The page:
1.The domestic bill of lading;
2. Export packing list;
3. Export licenses;
4. Export bill of lading;
5. Insurance certificates.
Inasmuch as the first two documents are nearly the same as those used in domestic traffic, we shall limit our discussion to the export licenses, export bill of lading, insurance certificates.
All exported goods require either
General license; or
Validated Export license.
a. General license
Most products can be exported under the General license for which no special authorization is necessary. The correct general license symbol is merely written in the Shipper’s Export Declaration. This documents indicate that there is an authorization to export and also provides the statistical information.
b. Validated Export license
For strategic materials and all shipments to communist countries, a validate export license is mandatory. This is a special authorization for a specific shipment and is issued only up on formal application to the Office of Export Administration.
Export bill of lading
The export bill of lading serves a dual purpose:
## It is a contract for carriage between the shipper and the carrier.
## It is evidence of title to the merchandise.
Bill of lading are generally called
– Ocean bills
– Ocean bill of lading may be either:
** Straight; or
** To Order.
**A Straight Bill of Lading is nonnegotiable, and the person only stipulated in it may obtain the merchandise upon arrival.
** An Order Bill of Lading, however is negotiable. It can be endorsed like a check or left blank. In this case, the holder of the original bill of lading is the owner of the merchandise.
Sight draft or letter of credit shipments require `to order” bills marked “Clean on Bard” by the steamship company, which means that there is no apparent damage to the shipment and it has actually been loaded n the vessel.
The insurance certificate is evidence that insurance coverage has been obtained to protect the shipment from loss or damage while in transit. Unlike domestic carriers, ocean – going steamship companies assume n responsibility for the merchandise they carry unless the loss is caused by their negligence. Marine insurance on an international transaction may be arranged by either – the exporter or the importer, depending on the terms of sale. Frequently, the laws of a country require the importer to buy the insurance in order to protect the local insurance industry, and to save foreign exchange.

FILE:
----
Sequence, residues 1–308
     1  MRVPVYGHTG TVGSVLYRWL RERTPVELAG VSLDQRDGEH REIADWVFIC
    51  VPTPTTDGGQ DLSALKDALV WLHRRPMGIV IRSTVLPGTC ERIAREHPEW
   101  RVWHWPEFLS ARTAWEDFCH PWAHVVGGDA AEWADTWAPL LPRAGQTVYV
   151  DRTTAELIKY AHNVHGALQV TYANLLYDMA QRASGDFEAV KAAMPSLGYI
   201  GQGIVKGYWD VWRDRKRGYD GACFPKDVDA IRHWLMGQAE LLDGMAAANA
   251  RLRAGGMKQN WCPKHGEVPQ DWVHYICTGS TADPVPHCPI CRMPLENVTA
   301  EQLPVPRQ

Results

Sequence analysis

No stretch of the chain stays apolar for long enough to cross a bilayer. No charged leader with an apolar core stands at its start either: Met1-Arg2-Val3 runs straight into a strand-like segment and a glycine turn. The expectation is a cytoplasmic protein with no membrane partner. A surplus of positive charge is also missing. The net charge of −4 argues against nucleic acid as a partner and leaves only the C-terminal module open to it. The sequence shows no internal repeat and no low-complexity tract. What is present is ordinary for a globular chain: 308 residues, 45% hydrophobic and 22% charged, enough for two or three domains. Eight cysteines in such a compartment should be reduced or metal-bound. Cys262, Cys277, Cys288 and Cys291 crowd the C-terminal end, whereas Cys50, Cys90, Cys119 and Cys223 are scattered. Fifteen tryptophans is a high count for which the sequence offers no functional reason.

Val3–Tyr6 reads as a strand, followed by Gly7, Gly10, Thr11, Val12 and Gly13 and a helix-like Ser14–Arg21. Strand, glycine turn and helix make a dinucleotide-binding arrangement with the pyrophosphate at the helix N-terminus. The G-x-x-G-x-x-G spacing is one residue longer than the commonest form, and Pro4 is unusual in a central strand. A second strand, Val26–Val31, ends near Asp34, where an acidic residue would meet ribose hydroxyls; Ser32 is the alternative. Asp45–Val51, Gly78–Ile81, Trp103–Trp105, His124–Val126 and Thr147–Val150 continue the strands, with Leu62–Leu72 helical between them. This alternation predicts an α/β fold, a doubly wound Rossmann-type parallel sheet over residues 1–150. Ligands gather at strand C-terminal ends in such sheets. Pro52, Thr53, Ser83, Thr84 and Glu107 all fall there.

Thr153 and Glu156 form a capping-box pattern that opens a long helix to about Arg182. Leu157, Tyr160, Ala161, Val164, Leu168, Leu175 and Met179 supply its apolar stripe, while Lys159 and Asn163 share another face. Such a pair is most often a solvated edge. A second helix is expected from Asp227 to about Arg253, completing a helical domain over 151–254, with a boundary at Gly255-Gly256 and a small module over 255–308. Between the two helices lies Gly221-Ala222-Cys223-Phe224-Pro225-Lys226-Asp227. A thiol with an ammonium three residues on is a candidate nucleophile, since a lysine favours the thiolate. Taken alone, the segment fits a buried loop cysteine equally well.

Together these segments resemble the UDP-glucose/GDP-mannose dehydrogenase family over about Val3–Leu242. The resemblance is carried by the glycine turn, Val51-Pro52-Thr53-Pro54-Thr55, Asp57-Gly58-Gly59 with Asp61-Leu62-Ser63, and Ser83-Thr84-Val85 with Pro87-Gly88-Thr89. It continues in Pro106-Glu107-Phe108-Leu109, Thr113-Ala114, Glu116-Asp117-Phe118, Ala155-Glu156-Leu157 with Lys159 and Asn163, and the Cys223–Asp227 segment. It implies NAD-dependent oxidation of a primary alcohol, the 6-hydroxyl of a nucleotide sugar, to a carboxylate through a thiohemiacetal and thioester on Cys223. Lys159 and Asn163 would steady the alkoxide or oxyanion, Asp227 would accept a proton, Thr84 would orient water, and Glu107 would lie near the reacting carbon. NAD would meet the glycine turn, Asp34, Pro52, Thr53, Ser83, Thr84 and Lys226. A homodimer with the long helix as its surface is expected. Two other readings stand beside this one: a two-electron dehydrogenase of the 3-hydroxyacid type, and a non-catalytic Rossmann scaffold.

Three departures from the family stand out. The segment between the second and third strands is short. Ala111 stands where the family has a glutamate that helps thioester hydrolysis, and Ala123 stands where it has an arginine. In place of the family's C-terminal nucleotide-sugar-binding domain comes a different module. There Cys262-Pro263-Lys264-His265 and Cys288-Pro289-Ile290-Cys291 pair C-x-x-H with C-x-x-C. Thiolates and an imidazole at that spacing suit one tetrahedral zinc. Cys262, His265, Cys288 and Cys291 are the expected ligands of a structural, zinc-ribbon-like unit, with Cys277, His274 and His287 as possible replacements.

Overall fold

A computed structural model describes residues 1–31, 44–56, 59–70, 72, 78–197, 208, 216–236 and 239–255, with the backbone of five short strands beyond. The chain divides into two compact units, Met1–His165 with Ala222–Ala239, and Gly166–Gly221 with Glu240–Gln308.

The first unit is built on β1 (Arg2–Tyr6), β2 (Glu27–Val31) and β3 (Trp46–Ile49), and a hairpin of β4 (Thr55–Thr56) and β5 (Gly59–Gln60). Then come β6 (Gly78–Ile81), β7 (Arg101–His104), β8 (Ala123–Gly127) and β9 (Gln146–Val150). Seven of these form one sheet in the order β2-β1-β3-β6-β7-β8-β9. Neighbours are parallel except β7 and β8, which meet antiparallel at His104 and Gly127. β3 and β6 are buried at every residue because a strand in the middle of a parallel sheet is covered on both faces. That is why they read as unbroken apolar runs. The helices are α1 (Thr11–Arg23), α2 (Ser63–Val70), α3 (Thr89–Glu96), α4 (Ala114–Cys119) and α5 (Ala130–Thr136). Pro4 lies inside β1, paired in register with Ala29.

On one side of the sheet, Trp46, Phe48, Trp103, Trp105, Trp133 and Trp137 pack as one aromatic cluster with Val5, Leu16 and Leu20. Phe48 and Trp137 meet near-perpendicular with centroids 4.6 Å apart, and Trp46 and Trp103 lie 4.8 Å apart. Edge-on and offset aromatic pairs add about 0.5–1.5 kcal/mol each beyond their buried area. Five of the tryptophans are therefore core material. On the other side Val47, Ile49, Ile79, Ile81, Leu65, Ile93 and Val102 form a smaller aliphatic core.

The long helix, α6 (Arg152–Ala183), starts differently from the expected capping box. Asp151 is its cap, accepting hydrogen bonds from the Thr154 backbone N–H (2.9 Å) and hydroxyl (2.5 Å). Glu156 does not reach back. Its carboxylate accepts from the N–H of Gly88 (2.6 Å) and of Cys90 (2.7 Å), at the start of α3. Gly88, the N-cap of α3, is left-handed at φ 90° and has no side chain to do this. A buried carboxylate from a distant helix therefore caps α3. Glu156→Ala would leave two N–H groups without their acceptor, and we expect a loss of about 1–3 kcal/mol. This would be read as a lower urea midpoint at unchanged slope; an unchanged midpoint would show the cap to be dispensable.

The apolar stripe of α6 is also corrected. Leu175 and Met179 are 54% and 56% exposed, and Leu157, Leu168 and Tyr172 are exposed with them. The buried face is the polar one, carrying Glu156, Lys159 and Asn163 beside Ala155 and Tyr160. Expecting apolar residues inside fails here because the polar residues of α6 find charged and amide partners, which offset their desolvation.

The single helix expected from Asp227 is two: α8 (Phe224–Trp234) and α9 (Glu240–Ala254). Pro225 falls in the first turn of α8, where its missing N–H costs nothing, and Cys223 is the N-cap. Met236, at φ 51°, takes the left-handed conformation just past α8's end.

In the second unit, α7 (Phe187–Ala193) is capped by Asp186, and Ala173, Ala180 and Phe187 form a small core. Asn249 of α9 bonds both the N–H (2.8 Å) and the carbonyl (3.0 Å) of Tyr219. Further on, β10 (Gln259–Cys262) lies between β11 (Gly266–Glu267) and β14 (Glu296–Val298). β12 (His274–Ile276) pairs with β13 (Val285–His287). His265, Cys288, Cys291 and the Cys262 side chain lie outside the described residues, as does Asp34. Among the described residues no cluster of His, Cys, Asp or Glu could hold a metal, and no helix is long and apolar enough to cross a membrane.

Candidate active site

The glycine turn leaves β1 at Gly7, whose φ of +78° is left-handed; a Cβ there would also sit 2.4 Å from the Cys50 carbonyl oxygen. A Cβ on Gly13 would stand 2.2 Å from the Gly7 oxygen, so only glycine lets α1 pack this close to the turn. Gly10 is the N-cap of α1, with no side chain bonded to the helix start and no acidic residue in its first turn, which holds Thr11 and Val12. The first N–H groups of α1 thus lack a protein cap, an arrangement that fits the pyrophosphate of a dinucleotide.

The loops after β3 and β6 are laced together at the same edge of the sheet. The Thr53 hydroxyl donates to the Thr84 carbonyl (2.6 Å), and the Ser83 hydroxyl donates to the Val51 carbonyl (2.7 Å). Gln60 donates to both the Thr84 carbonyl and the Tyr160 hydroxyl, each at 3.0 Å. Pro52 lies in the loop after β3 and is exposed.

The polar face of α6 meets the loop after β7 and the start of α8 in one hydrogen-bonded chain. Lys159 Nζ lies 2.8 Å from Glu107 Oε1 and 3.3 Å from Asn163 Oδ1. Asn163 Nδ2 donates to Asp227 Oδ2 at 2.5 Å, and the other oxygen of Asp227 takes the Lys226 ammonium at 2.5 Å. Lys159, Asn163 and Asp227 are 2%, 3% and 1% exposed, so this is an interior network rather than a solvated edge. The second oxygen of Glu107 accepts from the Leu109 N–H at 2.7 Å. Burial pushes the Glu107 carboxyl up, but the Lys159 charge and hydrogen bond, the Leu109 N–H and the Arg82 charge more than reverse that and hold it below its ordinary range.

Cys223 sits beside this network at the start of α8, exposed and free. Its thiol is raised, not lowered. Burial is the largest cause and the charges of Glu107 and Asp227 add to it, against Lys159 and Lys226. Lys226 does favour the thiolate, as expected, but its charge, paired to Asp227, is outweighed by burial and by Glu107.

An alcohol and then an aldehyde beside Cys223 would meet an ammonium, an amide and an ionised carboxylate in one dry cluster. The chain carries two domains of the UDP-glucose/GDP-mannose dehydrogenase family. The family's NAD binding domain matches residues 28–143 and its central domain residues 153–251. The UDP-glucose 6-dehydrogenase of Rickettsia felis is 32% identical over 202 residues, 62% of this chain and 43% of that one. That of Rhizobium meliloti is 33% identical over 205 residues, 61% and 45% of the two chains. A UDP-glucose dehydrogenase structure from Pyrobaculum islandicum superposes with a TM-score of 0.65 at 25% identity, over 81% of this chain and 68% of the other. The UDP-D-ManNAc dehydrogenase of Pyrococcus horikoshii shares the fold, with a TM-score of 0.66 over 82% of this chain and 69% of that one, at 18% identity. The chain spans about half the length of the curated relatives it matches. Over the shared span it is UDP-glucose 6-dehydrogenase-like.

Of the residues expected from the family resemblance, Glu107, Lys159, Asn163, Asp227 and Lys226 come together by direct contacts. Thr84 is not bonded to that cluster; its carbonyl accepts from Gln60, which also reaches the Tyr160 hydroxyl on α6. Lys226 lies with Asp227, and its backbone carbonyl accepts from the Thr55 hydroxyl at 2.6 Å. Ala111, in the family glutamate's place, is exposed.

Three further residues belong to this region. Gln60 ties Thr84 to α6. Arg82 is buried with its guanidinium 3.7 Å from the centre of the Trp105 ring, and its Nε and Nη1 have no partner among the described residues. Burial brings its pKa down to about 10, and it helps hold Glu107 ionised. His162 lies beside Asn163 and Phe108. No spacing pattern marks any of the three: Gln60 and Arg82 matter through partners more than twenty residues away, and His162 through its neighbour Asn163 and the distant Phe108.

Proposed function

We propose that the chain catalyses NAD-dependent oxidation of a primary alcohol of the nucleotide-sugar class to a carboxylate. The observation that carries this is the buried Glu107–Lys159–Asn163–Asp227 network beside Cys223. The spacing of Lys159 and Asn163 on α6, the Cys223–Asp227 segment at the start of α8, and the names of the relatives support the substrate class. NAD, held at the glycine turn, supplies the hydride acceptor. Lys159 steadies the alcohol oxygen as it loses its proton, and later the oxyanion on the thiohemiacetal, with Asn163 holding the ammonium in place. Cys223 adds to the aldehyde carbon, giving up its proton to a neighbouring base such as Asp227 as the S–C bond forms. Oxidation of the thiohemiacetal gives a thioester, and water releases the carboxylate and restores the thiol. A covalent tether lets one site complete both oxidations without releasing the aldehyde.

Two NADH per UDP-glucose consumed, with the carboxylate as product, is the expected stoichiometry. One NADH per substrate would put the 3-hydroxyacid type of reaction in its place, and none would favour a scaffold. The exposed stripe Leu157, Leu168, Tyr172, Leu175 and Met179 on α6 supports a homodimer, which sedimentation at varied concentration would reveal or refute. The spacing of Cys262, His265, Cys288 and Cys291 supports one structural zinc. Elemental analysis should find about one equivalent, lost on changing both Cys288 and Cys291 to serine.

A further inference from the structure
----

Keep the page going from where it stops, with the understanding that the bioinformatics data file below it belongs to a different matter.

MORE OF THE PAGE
Broadly speaking, there are three kinds of marine insurance:
1. Basic Named Perils- include perils of the sea, fires, jettisons, explosions, and hurricanes.
2. Broad Named Perils- include theft, pilferage, no delivery, breakage, and leakage in addition to the basic named perils.
3.All Risks- cover all physical loss or damage from any external cause and is more expensive than those previously mentioned.
4. War Risks-are covered under a separate contract.
The occasional exporters, for fire sake of convenience, will ask the forwarder to arrange for insurance, but when shipments begin on a regular basis, the shipper can economize by going directly to a marine insurance broker. The broker, acting as the shipper’s agent, will draw up a contract to fit his needs from among the hundreds of clauses that are available. Because neither the policies nor the premiums are standard, it is highly recommended that the exporter obtain variouss quotations.